Comparing the equation (1) and (4) could determine the length of focal distance of a parabola given in the form of a quadratic equation.

Expand the equation (4) to its quadratic form,

y = \dfrac{1}{4p}x^2-\dfrac{h}{2p}x+\dfrac{h^2+4pk}{4p}
(5)

Compare the above equation with (1), we get the focal length p in terms of a.

p = \dfrac{1}{4a}
(6)

From the coordinates of vertex V (5), it's obvious h and k can be expressed in terms of a, b,c.

h = \dfrac{-b}{2a}
(7)
k = \dfrac{4ac-b^2}{4a}
(8)

Any chord of a parabola which passes through the focus is called the focal chord. The focal chord that is perpendicular to the axis of a parabola is called the latus rectum. The length of latus rectum of a parabola is equal to four times of its focal length.

In the figure, since the latus rectum CD is parallel to the axis x, the length of CD is the difference of x-coordinates of point C and point D.

Substitute the y-coordinate of the focus k+p into (5).

k+p = \dfrac{1}{4p}x^2-\dfrac{h}{2p}x+\dfrac{h^2+4pk}{4p}

Simplify the equation

\dfrac{1}{4p}x^2-\dfrac{h}{2p}x+\dfrac{h^2+4pk}{4p}-(k+p) = 0


\dfrac{1}{4p}x^2-\dfrac{h}{2p}x+\dfrac{h^2+4pk-4pk-4p^2}{4p}=0


x^2-2hx+h^2-4p^2 = 0
(9)

Solve the equation using the roots formula for quadratic equation. 2 solutions are obtained.

\begin{cases} x_1 = h-2p \\ x_2 = h+2p \end{cases}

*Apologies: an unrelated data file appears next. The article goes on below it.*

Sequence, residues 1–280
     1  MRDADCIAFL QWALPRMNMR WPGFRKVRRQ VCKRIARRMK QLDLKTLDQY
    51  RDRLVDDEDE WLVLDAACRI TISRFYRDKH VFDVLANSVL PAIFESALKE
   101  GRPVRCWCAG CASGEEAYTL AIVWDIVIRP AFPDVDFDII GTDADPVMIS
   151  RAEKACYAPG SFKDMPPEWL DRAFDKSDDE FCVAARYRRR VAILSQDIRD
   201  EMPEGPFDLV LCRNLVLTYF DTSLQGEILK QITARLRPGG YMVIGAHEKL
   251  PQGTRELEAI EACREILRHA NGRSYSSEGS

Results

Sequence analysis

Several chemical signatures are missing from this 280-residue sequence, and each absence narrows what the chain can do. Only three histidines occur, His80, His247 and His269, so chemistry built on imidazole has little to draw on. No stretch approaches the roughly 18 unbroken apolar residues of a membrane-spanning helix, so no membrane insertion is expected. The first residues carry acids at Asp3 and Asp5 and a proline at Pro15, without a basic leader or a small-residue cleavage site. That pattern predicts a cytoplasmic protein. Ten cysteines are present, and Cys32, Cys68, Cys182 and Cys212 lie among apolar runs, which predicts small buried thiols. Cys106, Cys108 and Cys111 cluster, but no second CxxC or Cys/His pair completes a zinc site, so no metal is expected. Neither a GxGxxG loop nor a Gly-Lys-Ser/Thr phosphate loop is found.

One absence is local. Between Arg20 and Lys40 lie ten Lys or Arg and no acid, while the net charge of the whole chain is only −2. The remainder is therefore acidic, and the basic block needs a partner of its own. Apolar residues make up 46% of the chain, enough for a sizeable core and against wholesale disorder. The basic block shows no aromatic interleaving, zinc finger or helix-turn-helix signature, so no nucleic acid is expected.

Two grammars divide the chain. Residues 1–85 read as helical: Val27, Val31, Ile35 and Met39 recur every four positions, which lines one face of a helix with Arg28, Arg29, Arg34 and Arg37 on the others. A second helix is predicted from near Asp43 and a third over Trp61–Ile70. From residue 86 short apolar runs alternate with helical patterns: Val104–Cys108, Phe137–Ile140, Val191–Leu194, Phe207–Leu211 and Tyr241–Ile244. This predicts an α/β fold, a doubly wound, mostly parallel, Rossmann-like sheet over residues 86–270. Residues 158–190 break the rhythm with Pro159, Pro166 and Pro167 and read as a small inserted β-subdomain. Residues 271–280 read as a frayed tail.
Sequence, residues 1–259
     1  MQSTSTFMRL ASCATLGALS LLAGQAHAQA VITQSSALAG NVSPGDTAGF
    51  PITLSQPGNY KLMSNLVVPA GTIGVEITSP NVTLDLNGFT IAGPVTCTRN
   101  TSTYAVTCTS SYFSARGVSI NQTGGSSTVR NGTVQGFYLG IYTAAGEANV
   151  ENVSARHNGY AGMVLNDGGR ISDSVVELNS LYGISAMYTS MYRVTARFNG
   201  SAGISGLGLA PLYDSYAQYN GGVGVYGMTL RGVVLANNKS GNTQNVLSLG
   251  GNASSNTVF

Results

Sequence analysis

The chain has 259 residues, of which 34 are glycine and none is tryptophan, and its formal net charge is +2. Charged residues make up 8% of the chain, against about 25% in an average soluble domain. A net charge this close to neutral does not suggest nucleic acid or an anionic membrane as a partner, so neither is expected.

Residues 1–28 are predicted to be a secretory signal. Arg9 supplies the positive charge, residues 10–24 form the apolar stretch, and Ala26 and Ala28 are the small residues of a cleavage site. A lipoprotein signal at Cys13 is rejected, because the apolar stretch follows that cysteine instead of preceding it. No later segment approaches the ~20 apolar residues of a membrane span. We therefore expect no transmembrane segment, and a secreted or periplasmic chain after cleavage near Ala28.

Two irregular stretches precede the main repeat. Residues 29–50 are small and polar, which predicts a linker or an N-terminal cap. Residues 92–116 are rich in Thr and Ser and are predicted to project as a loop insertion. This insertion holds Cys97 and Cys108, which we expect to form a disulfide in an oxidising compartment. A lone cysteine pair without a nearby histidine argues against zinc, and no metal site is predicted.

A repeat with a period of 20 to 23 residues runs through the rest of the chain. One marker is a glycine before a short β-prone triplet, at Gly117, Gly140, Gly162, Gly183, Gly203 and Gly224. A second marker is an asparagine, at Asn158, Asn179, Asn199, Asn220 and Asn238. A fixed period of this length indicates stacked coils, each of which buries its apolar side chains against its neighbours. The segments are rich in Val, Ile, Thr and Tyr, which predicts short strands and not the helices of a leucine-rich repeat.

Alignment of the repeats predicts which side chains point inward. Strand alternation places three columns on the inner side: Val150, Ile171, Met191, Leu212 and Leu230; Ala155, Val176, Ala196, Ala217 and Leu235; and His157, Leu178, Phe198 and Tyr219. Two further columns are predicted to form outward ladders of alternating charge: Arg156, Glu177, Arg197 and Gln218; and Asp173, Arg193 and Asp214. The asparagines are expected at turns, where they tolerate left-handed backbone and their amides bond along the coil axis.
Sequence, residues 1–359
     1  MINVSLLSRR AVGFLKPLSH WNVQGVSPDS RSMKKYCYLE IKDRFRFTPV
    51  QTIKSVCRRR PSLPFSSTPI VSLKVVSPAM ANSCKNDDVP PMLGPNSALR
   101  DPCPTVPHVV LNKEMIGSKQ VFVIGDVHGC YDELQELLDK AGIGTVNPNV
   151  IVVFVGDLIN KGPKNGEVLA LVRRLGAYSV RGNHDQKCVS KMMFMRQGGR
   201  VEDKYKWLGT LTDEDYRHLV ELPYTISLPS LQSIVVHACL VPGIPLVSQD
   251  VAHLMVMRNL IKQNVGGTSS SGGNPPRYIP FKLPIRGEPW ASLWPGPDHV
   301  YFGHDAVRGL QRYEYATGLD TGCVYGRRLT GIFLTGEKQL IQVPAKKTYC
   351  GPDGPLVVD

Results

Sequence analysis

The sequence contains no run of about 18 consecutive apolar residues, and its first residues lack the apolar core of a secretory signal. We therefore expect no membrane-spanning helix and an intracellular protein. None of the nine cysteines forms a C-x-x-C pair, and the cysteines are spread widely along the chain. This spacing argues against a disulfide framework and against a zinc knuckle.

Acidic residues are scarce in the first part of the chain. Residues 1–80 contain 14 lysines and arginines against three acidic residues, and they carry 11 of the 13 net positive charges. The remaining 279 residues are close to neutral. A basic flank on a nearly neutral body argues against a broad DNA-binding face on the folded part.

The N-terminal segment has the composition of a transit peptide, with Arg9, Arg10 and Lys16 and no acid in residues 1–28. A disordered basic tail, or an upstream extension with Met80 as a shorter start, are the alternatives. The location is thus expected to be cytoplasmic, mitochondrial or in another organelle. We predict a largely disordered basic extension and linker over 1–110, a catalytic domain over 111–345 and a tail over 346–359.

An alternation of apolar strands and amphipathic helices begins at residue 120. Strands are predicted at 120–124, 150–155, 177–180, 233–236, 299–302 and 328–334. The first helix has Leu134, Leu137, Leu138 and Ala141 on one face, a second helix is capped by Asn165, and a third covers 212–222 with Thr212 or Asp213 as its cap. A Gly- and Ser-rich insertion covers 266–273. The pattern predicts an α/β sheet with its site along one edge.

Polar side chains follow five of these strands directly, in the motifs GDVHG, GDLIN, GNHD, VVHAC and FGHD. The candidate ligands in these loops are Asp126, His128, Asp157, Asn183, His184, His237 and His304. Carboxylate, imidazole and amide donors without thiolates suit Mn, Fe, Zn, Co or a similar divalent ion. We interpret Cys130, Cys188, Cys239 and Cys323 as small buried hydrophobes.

Therefore,

x_2-x_1 = 4p

Horizontal Parabola - Rotating from Vertical One

For a parabola whose axis of symmetry is perpendicular to axis x, it is vertical. If its axis of symmetry is parallel to axis x, it is horizontal. Horizontal parabolas could be taken as vertical parabolas rotating 90\degree either clockwise or counterclockwise.

Rotating the parabola (4) by θ clockwise gives

(u-h)^2=4p(v-k)
(10)

where

\begin{aligned} \begin{pmatrix} u \\ v \end{pmatrix} &=\begin{pmatrix} \cosθ & -\sinθ \\ \sinθ & \cosθ \end{pmatrix} \begin{pmatrix} x \\ y \end{pmatrix} \\ &= \begin{pmatrix} x\cos\theta -y\sin\theta \\ x\sin\theta + y\cos\theta \end{pmatrix} \end{aligned}

Substituting u and v into equation (10) gives general formula for a parabola after rotating an angle of θ.

(x\cos\theta -y\sin\theta-h)^2=4p(x\sin\theta + y\cos\theta-k)
(11)

If θ=90\degree, the equation is simplified as

(y+h)^2 = 4p( x-k)
(12)

After rotation about the Origin, the focus is transformed to the position F' with a new coordinate (k+p,-h). The sign of y-coordinate of the focus F' becomes negative since the point falls into quadrant Ⅳ.